“Today is a day of purification, renewal, and hope.”
The Presentation of our Lord commemorates when Mary and Joseph brought the infant Jesus to the Temple in Jerusalem where he was greeted by Simeon and Anna. By the Law every first born male was to be consecrated to the Lord.” This happened 40 days after his birth at Christmas.
Simeon was an old man who was revealed to him by the Holy Spirit that he would not die until he had seen Jesus. It had been a long struggle of emptiness. Finally in the Temple, he took him in his arm and blessed him. His song begins “Lord, now let your servant depart in peace.” He was set free.
For, like Simeon, we also need to hear and see and touch and feel God’s promise, the promise that God will be with us and for us forever, the promise announced in the birth of that innocent babe. Simeon saw and finally understood what it meant to be released to live and enjoy God’s peace, even in the midst of suffering.
Rembrandt produced at least 4 pieces of art on this event. Here is a discussion on the art
It is one of Luke’s Canticles. He had a point to each of the stories
1. Magnficat, Luke 1:39-56 – Mary – Praise and adoration
2. Benedictus, Luke 1:57-79 – Zechariah – Mercy and compassion
3. Gloria, Luke 2:1-20 – Shepherds – Greatness of God
4. Nunc Dimitis, Luke 2:25-35 – Simeon – Freedom
It is a feast day though it does not often fall on a Sunday. Candlemas occurs at a period between the December solstice and the March equinox, so many people traditionally marked that time of the year as winter’s “halfway point” while waiting for the spring.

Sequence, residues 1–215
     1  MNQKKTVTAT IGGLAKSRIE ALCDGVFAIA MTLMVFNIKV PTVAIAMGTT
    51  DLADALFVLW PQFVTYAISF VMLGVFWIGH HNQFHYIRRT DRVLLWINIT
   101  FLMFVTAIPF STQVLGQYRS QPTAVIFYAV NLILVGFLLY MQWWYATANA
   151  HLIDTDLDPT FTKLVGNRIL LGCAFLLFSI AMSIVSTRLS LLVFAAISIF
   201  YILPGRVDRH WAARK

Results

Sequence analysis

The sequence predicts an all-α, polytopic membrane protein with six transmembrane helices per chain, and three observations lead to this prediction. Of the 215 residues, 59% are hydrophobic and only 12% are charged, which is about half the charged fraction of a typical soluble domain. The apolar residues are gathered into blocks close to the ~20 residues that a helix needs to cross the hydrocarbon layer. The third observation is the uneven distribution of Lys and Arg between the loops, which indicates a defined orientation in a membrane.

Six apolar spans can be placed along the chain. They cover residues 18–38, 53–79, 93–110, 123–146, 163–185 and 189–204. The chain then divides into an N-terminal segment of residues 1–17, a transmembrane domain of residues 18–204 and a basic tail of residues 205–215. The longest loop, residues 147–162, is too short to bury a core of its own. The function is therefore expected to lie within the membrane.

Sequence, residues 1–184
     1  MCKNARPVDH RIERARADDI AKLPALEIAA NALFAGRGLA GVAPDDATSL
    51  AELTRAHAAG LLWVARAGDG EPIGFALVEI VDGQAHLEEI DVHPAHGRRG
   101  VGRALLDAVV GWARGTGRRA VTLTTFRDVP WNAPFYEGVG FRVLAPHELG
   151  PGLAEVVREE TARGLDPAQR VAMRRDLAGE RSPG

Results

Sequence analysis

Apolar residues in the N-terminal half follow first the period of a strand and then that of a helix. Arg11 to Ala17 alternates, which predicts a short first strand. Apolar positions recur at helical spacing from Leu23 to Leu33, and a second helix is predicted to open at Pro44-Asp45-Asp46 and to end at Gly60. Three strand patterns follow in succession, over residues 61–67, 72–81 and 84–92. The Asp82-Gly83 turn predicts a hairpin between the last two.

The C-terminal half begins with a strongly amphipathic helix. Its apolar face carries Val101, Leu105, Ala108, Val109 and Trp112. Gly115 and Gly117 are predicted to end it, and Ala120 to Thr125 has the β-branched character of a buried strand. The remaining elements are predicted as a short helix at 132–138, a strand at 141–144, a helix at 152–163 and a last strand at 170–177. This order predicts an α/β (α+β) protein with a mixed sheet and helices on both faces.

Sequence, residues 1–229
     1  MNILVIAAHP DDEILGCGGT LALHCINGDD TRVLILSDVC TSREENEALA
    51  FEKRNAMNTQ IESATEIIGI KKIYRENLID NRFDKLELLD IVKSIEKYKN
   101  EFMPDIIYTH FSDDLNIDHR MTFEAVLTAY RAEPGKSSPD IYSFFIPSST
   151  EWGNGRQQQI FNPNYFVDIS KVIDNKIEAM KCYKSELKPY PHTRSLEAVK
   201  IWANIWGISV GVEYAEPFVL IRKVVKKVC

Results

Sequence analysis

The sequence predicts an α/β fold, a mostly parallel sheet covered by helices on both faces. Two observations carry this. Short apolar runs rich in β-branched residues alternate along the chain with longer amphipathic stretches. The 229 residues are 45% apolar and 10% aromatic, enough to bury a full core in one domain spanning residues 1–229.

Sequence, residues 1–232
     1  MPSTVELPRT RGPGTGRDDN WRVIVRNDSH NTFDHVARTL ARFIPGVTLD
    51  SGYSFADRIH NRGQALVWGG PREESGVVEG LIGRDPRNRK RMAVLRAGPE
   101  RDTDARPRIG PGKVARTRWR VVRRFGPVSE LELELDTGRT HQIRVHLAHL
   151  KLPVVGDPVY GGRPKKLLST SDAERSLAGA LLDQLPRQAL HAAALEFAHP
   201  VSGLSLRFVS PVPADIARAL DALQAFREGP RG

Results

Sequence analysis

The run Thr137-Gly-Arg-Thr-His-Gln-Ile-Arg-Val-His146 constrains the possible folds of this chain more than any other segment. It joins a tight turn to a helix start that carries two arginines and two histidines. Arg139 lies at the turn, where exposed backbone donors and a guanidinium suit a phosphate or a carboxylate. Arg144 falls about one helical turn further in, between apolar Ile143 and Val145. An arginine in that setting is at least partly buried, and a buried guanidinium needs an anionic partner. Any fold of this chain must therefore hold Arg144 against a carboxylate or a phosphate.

Candlemas is actually a very old feast, celebrated by both the churches of the East and the West, and in some places it is on this day that the creche is finally removed from the church. The passage from The words in this scripture are often part of Compline
According to some sources, Christians began Candlemas in Jerusalem as early as the fourth century and the lighting of candles began in the fifth century. Other sources say that Candlemas was observed by blessing candles since the 11th century. An early writing dating back to around 380 CE mentioned that a feast of the Presentation occurred in a church in Jerusalem. It was observed on February 14. The feast was observed on February 2 in regions where Christ’s birth was celebrated on December 25. It is also Groundhog Day in the United States and Canada on February 2.
Candles are blessed on this day (hence the name “Candlemas”). It was the day of the year when all the candles, that were used in the church during the coming year, were brought into church and a blessing was said over them – so it was the Festival Day (or ‘mass’) of the Candles. Candles were important in those days not only because there was no electric lights. Some people thought they gave protection against plague and illness and famine. For Christians, they were (and still are) a reminder of something even more important. Before Jesus came to earth, it was as if everyone was ‘in the dark’.
Pieces of these candles are considered of great efficacy in sickness, or otherwise. When a person is dying, a piece is put in his hand lighted, and thus he passes away in the belief that it may light him to Paradise.
Ceremonies are often held on the eve where people come to the altar to kneel and have their candles blessed. It can be a service rich to the senses – candles and incense, purple vestments changing to white after the procession and of course music with the “Song of Simeon.” Simeon was an old man who was revealed to him by the Holy Spirit that he would not die until he had seen Jesus. He took him in his arm and blessed him. His song begins “Lord, now let your servant depart in peace.”
People believe that Candlemas Day predicted the weather for the rest of the winter. The weather proverbs express the idea that a fine bright sunny Candlemas day means that there is more winter to come, whereas a cloudy wet stormy Candlemas day means that the worst of winter is over.
"If Candlemas Day be fair and bright
Winter will have another fight.
If Candlemas Day brings cloud and rain,
Winter won’t come again.
If Candlemas Day be dry and fair,
The half o the winter’s to come and mair;
If Candlemas Day be wet and foul,
The half o the winter’s gane at Yule.
‘A farmer should, on Candlemas Day,
Have half his corn and half his hay.’
‘On Candlemas Day if the thorns hang adrop,
You can be sure of a good pea crop.’